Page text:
This evening the Board of Commisioners of the Port of Portland Harbor voted unanimously to slightly modify downward the pilot fees for Bay Ferries, Ltd., a/k/a The Cat in a short and sweeter proceeding at city hall, Portland than in the past. The rate decided upon was $1,077. per one way trip – a token reduction from the $1,210 voted into effect during the spring 2017. The rate went into effect as of June 1, 2017 and remains in effect until possibly after the first of the new year according to Jenn Thompson, a city attorney advising the Commissioners.
This meeting was an anti-climax and Almost boring because some of the past public hearings have become contentious with the Commission Chair Thomas Dobbins and The Cat’s attorney Harold Pachios sparring as the Board has sought to protect the Pirates, a monopoly, from any and all financial scrutiny by Pachios.
More specifically, the insular Board continued to refuse to delve into the gross revenue of the Pilots – a stance it has taken in past meetings. Pachios, attorney for The Cat, the ferry service that runs daily between NS and Portland Harbor, has stated previously that in order to arrive at a “fair and reasonable” rate, the Portland Pirates, a monopoly in Portland Harbor, need to open its books and disclose its gross revenue. Board deliberations took place in muted voices – failing to use the microphones available to them in Portland city council chambers where the public hearing took place.
Braden has declared in the past as he did again tonight following the public hearing, that revenue information is “irrelevant.” Pachios has repeatedly requested the gross revenue information from the Board, but the inept Board has stonewalled him time after time. Once again the Board failed to require the Pirates to supply that information and consequently make it public as well. The Board has subpoena power and could require the Pirates to produce the information that Pachio has repeatedly sought to determine a “fair and reasonable” pilot rate.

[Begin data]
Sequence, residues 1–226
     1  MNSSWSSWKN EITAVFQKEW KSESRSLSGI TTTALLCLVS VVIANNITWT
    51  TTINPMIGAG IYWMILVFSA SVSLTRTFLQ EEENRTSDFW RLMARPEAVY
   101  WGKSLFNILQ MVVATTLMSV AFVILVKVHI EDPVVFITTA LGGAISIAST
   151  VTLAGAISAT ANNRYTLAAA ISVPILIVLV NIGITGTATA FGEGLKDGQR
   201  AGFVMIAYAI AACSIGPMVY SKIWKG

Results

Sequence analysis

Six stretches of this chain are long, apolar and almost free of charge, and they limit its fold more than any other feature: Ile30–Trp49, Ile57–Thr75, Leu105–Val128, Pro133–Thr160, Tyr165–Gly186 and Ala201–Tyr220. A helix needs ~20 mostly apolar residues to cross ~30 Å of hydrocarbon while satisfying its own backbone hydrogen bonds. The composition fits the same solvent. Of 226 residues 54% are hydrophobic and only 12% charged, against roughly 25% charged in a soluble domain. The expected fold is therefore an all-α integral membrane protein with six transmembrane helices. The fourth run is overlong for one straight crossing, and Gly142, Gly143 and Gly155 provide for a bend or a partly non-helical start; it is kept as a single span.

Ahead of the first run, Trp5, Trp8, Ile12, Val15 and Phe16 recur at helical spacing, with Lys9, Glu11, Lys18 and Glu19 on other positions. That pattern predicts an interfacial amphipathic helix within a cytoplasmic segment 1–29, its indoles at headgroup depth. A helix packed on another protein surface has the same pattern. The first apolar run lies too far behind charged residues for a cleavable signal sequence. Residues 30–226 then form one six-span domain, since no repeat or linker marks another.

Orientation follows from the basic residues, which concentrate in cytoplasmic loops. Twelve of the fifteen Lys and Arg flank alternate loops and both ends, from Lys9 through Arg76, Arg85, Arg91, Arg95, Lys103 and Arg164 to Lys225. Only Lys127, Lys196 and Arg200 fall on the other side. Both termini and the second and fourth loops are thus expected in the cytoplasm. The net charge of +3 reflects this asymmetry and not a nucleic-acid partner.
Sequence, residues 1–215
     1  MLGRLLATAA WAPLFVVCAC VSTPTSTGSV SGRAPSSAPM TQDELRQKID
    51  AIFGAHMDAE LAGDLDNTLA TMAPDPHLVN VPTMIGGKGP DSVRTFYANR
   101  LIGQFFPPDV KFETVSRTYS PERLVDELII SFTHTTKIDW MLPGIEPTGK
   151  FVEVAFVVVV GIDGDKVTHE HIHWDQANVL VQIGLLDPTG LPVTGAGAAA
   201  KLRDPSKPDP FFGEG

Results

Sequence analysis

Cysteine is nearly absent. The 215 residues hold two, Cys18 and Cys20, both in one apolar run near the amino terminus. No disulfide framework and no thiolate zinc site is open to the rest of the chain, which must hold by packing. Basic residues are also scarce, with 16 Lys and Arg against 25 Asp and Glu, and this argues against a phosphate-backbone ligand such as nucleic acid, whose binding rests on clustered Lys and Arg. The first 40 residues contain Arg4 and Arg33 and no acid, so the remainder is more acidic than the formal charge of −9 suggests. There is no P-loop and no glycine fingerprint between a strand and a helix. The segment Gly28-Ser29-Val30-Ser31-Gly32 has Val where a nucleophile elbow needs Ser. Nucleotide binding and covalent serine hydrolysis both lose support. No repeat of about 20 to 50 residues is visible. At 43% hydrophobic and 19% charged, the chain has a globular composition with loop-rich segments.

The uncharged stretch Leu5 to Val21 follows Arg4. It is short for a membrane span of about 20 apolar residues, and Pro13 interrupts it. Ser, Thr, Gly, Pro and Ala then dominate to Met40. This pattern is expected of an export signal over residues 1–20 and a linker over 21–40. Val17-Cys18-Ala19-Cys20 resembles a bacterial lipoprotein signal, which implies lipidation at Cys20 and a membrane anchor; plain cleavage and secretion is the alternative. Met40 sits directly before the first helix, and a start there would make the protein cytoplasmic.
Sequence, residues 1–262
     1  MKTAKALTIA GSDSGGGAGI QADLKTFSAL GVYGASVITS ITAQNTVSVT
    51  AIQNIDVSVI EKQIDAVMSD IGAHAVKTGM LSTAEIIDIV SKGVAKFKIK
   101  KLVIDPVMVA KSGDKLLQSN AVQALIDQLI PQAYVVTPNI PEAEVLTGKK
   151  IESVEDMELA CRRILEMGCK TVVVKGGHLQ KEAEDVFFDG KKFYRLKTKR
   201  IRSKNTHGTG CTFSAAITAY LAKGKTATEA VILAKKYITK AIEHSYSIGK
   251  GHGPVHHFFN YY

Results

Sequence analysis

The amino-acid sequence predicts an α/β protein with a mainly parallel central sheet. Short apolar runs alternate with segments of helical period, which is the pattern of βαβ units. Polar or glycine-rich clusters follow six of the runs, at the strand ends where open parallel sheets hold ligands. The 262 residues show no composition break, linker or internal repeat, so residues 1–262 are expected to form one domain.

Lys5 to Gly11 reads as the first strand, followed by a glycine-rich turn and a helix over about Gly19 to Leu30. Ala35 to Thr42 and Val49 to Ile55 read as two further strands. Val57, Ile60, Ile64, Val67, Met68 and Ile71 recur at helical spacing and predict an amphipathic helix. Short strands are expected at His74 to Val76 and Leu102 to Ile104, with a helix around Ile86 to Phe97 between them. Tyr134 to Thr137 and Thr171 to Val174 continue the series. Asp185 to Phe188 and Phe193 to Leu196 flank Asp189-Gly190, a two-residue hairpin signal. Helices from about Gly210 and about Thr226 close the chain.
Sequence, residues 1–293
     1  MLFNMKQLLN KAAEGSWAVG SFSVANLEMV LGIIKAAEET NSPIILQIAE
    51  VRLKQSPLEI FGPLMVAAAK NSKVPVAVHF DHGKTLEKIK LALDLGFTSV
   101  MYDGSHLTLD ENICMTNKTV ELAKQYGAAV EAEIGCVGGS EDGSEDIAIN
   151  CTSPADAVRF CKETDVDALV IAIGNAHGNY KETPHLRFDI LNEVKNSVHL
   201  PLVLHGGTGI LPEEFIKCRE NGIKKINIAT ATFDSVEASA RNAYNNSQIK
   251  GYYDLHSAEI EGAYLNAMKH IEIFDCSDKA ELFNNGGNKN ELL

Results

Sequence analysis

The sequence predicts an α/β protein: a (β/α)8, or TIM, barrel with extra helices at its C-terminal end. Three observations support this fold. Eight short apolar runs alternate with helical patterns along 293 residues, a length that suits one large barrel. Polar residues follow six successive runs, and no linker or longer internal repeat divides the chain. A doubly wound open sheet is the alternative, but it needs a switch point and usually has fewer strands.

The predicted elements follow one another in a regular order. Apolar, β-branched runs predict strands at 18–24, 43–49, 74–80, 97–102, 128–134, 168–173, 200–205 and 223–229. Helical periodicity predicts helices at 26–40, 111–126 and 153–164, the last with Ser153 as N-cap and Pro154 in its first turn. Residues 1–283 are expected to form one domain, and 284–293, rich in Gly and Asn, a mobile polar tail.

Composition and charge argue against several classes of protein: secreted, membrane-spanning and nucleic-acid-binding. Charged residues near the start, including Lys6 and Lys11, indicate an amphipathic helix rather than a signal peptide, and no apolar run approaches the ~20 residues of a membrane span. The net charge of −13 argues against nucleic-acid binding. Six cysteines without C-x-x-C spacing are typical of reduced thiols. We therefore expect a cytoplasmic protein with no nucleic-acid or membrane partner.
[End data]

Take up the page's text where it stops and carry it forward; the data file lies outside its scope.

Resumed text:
“This Board has been given oversight of the tugs in the Harbor. It is very hard to provide governmental oversight when it refuses to ask the company you are regulating a single question,” said Pachios following the public hearing. “We are seeking judicial review. We want to have the court review what they did.” The Cat filed an appeal in August of 2017 seeking relief from the illegal process to date. Specifically, the Board voted to increase the pilot fee by almost 70% and never notified Cat officials that the increase was on the Board’s agenda. Otherwise, Cat officials would have attended the hearing to present their opposition to the unjustified rate increase. The appeal has not yet been resolved.
Burt Jorgensen, of the Fish Exchange on the Portland waterfront, previously told this blogger that the pending court appeal was not a “big deal” because it’s “only about process.” He also said the public has no appreciation for all the work that the Commissioners do on its behalf. That lack of information might be because the Board seems to prefer to work behind a wall of secrecy. If it wanted to change that, the Board could issue press releases occasionally touting its accomplishments. Sunshine is not a friend to this quasi-state Board that prefers to toil in the dark with occasional bullying added for good measure.
As on November 2, 2017, a court stenographer was hired for tonight’s hearing by the attorney for The Cat, Harold Pachios, of Preti, Flaherty. These official records will be useful in upcoming court reviews. Pachios will file another court document for his client following a required 45-day waiting period.
For more background information on the subject, please see posts herein dated November 2 and October 31, 2017 on this on-going controversy.